Python3 offers a way to define custom protocols
from typing import Protocol, runtime_checkable @runtime_checkable class CallableSummableSubscriptable(Protocol): def __call__(self) -> T: ... def __add__(self, other: T) -> T: ... def __getitem__(self, item: T) -> T: ...
ℹ️ Protocol methods are just signatures with empty bodies, stated by the
Tis usually a type alias indicating a generic type.
Protocols are useful to define contracts, bounds on function signatures for example defining a function that accepts an argument only if the type has the specified protocol.
def awesome_function(thing: CallableSummableSubscriptable): # accepts only objects that implements that ⬆️ protocol. # Protocols can be checked at runtime @runtime_checkable # Or checked using static analysers e.g: mypy
OOP Python is actually POP (Protocol Oriented Programming)
- More about Protocols and Behavior.
- Less about tradicional OOP concepts.
All the traditional concepts and patterns are also available, but some are intrinsic to objects and protocols that in the end of the day the programmers doesn't have to take care of it at all in the same way.
The ability to inherit from another base type and take all its behavior and the ability to override with custom implementation.
class MyString(str) def __str__(self): return super().__str__().upper() >>> x = MyString("Bruno") >>> print(x) "BRUNO"
The ability to hide object attributes and methods and expose only a selected set of them or to expose them in a more controlled way.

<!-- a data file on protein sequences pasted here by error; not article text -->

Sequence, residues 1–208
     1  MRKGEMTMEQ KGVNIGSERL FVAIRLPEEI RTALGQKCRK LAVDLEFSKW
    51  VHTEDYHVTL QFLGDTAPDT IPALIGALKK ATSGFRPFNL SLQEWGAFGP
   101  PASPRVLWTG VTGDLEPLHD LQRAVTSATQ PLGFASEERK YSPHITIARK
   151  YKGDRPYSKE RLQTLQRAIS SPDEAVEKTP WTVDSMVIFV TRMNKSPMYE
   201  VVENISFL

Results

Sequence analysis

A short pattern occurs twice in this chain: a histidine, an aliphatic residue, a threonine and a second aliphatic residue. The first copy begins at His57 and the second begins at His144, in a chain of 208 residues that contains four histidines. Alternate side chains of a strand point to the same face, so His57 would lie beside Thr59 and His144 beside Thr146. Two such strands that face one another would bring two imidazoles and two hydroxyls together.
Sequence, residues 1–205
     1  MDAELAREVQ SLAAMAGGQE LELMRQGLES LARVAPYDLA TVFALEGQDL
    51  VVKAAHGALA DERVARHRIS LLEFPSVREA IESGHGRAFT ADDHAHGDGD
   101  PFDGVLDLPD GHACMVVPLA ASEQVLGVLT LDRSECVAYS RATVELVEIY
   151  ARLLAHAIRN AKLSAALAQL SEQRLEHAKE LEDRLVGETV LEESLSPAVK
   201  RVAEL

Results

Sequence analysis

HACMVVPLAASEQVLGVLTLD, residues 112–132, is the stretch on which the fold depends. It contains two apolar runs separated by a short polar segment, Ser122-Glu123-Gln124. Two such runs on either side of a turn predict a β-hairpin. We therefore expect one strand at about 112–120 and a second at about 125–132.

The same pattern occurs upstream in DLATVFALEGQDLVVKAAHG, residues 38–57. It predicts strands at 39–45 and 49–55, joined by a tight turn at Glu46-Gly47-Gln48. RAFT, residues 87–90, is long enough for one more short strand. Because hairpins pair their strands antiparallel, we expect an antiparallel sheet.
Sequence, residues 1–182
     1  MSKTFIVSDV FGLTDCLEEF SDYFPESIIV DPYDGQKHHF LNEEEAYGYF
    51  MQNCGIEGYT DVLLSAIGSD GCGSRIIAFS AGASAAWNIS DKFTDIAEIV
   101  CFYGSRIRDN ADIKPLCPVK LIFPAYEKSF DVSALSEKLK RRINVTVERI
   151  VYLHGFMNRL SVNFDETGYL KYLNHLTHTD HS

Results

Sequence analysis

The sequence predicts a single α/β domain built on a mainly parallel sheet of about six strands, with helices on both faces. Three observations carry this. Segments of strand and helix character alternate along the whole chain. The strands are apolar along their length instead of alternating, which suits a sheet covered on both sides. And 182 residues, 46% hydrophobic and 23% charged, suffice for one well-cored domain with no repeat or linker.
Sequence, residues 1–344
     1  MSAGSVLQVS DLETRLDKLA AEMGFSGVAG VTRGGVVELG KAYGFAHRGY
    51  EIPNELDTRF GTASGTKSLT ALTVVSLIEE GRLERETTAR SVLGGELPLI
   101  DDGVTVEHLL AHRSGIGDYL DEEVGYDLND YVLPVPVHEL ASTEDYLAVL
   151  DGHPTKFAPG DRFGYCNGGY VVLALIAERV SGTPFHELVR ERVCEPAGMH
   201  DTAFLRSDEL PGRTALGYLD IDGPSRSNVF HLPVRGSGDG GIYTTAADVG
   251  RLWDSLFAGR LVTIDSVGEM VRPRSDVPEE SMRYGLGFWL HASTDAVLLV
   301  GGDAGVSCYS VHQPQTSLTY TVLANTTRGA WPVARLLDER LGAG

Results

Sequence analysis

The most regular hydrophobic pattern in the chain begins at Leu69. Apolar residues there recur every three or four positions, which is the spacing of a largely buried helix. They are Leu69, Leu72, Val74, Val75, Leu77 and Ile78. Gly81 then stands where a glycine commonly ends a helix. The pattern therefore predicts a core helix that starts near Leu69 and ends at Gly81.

# Descriptor is a protocol for getter/setter like approach. class Field: def __get__(...): def __set__(...): class Thing: # Double underline means that the field is private # but actually it is only a naming mangling convention. __protected_attr = Field() # Properties can also be used to define getter/setter @property def foo(self): return self.__protected_attr @foo.setter def set_foo(self, value): self.__protected_attr = value
The ability for objects to behave differently regardless of its base type and for procedures to take different types of objects as arguments.
len("Bruno") len([1, 2, 3]) dict.get("key") dict.get("key", default="other") print("Hello") print(123) print(*["Hello", "World"]) def function(*args, **kwargs): ...
ℹ️ In traditional OOP literature polymorphism is often used to define only the ability to have methods reusing the same name but different implementation, but in fact it goes deeper than this.
🧑🍳 A Chef when selecting ingredients for a recipe, will look for the protocols defined on each ingredient, the Chef can go to the supermarket and see a set of different types of onions 🧅, even if the recipe only says onion the Chef knows based on the desired behavior that wants a specific type of onion, white onions are swetter, better for cooked recipes, the purple onions are more acid so better for salads and raw recipes. (but that also depends a bit on taste)
🧑💻 The Software Engineer when choosing the data structures to use in an algorithm 🤖 must look to the protocols defined and how the objects behaves even if the requirements says it is a collection of texts for example, the engineer must analyse the program to choose wisely between a tuple, a list or even a set.
The protocols are often more important than the types.
NOTE: Credits to @mathsppblog to have inspired the first paragraph of this post https://twitter.com/mathsppblog/status/1445148609977126914